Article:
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Craftsman
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Discussion Starter #1
My latest 6139 arrived today. A 6139-6002 Pogue, which from the sellers pictures looked to be in original condition (except the bracelet) and whilst worn had no obvious signs of abuse or disrepair.






Giving it the once over at work, it wasn't running nor did it seem to want to work.

Neither of the two buttons wanted to work (no click action) and turning the hands gave a very stiff feel and the day/date changeover wasn't working.

The inner dial ring did turn - well, that's a start. :D

At home, I took the back off and was greeted with my first rusty watch. :eek:hmy:

I've seen many a quartz watch damaged by battery leakage but not had a purely water damaged one before.

To be honest I wasn't too fussed about the damage to the movement, I'd bought the watch primarily for the dial, hands, inner dial ring and all the other very hard to source components that make up these wonderfully engineered and constructed watches.

That said, the level of damage worried the heck out of me. I'll let the pictures tell their own story.....







there was even some damage on the dial side




I think this will be the ideal opportunity to disassemble the 6139 movement. I really don't think this one can be saved (well, not by me anyway)

I pleased to say however that whilst there was rust deposit and debris everywhere, the majority of the non-movement components have cleaned up quite well so there is hope yet. I'll update this thread with more pictures as I go.

The listing came with those wonderfully worded caveats we've come to love:

".....don't no much about it it does not seem to be working but my grand dad told me that when it went in the draw it was but I am selling it as a none worker...."


All I can think is that grand dad went swimming before he put it in the drawer. :rolleyes:
 

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Wish I had a dollar for everyone of these that got binned back in the early 80s as not being worth repairing when they came in for estimates.
 

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Maybe it was the dishwasher drawer. That looks a real mess but it's good to hear you are able to harvest a number of parts. The minute counter ring looks to have little fading.
 

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Based on some of the stuff I have fixed I would actually say you have a chance at saving that if you work at it long enough. You'd be surpised how much rust comes off with some oil and rubbing. The major problem would probably be pivots that are totally gone from rust, and springs.

Then again, it does look pretty bad...
 

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Wow, serious abuse indeed. :(
I wouldn't call it abuse exactly - people just didn't know any better. I remember a friend in high school getting this watch brand new in '75 and we lived by a lake. How long do you think these things lasted in water? :undecided:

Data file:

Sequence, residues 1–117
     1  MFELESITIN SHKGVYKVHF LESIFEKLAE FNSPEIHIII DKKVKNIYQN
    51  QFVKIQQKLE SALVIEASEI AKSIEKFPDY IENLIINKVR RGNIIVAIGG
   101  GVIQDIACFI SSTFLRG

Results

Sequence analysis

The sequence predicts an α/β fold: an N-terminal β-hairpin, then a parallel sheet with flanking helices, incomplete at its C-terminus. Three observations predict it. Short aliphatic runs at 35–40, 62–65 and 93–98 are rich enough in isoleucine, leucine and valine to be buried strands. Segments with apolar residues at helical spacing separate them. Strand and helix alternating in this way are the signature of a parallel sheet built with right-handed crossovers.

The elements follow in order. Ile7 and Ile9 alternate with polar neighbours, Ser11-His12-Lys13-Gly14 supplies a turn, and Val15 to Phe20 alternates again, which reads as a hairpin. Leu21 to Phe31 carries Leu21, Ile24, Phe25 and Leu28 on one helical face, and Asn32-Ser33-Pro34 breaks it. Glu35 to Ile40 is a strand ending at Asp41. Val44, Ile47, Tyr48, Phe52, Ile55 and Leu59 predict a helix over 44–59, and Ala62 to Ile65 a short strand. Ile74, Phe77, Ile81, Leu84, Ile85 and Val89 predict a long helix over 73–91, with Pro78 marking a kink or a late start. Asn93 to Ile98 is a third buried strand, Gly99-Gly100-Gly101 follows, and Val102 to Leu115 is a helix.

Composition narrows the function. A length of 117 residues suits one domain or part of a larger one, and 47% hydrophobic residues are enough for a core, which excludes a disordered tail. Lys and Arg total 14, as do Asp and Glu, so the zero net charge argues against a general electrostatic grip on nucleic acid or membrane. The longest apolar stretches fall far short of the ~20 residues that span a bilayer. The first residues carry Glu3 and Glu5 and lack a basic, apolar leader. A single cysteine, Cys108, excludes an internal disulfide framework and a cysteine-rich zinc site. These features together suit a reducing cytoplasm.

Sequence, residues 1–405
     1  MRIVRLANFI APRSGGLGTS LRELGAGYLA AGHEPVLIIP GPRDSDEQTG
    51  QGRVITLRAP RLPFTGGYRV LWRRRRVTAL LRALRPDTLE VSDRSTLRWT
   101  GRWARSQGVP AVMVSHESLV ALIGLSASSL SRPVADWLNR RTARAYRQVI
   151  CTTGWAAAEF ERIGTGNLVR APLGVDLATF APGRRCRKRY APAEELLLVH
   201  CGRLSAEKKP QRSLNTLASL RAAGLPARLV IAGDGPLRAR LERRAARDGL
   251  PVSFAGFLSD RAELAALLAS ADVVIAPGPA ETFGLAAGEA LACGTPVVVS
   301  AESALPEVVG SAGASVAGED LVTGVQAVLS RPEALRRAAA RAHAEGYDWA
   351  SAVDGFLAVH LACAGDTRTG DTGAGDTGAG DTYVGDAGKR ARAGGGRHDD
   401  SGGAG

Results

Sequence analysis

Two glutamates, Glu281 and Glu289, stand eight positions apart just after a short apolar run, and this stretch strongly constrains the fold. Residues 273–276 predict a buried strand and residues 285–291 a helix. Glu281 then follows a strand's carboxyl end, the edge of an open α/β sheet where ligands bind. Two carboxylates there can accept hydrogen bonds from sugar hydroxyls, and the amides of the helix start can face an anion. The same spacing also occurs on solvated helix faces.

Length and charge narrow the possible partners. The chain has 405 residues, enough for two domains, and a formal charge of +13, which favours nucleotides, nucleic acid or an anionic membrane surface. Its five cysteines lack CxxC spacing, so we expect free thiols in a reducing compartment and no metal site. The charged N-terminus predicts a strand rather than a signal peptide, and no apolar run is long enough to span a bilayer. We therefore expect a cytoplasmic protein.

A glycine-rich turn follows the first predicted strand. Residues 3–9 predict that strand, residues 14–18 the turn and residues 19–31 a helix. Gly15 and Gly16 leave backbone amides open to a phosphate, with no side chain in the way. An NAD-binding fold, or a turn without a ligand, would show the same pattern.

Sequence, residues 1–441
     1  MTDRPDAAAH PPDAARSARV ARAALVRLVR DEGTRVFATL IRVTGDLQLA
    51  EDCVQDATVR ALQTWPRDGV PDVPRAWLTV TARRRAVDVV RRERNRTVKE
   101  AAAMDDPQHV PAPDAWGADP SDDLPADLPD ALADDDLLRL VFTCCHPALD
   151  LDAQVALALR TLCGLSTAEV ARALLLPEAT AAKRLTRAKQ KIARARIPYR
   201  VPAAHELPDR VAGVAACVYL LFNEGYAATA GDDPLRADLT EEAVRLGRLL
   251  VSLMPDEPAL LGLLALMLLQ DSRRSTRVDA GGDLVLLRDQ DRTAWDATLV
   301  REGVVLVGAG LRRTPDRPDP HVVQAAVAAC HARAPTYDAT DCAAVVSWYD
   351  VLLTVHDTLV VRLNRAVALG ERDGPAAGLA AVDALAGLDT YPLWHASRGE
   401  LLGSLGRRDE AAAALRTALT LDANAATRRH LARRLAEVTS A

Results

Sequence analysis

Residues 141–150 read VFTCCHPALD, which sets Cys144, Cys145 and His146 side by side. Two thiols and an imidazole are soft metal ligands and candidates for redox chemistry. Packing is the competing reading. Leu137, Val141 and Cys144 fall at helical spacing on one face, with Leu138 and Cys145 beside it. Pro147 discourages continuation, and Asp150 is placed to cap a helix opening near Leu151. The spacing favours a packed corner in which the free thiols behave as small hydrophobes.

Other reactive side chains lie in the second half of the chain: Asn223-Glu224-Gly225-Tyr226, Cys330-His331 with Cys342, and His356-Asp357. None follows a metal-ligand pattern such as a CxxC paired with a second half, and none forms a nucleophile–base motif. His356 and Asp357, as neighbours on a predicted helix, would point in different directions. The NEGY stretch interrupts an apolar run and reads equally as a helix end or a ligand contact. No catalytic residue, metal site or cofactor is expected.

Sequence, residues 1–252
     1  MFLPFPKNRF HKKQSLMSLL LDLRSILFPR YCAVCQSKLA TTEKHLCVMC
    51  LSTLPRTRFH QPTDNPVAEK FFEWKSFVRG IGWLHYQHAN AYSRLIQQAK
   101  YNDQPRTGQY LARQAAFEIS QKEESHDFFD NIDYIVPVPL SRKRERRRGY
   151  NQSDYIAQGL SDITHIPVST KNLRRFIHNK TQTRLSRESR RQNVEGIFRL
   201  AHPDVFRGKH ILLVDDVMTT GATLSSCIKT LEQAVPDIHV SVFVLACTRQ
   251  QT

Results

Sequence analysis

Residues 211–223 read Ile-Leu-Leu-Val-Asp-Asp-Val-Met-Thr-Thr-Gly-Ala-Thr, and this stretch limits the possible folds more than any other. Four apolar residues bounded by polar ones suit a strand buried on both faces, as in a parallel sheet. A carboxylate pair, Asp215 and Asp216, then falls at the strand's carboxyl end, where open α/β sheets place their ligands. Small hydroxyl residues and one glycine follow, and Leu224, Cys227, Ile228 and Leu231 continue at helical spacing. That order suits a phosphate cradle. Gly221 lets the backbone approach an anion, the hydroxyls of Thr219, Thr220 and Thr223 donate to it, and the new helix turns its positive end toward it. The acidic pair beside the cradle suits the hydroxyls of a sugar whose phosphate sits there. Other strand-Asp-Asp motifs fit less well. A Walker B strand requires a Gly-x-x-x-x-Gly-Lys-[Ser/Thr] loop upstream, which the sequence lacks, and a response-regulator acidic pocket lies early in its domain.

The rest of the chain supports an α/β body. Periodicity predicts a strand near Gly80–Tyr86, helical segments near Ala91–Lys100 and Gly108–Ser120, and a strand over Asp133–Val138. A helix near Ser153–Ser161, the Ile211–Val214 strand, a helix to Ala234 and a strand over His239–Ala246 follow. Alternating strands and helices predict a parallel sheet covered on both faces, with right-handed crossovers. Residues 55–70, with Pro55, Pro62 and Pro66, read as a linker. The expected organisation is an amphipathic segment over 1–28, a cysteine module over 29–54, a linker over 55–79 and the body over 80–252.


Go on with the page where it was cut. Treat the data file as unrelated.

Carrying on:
They fogged up, eventually they stopped running and they went in a drawer. Maybe they eventually made it to a jeweler but even back then they weren't cheap to fix. Those that weren't repaired were thrown back in the drawer to rust away quietly.
 

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I'd be inclined to attempt to remove what I can with ease, anything that doesn't want to undo with little pressure stays in place, I would then (never done it yet) drop the whole movement in a glass of coke!!!! Then rinse it, then dry and fibre brush it and use a little oil and cloth, nice weekend project, I reckon it's salvageable but as said before springs and pivots might be shot.
 

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Craftsman
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Discussion Starter #9
I will be carefully taking it apart and cleaning what I can. At worst I get to take a 6139 apart.

I might get to salvage some parts. I doubt that I will be able to get this one to run again (and keep time) being as it will be the first 6139 I've worked on, but you never know.....
 

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Looks so promising in the first pics too. What a shame, but hopefully you'll get some good parts out of it.
 

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if you have never tried it, I suggest you use "Blue Wonder" to remove the rust without damageing the part. This is great stuff develpoed to clean jet engine parts, non toxic and odorless. I use it on firearms without dmageing the blueing,
 

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Craftsman
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Discussion Starter #12
Having seen the movement, my concerns immediately turned to the dial, inner dial ring and any other salvageable parts.

Removing the movement from the case showed heavy rust residue in the insides of the case, notably around the crown stem and pusher holes. The pusher holes were so gunged up that I couldn't get the springs out.

Inspecting the dial showed lots of white stains (I guess where the water evaporated) and also many flecks of lume and other deposits.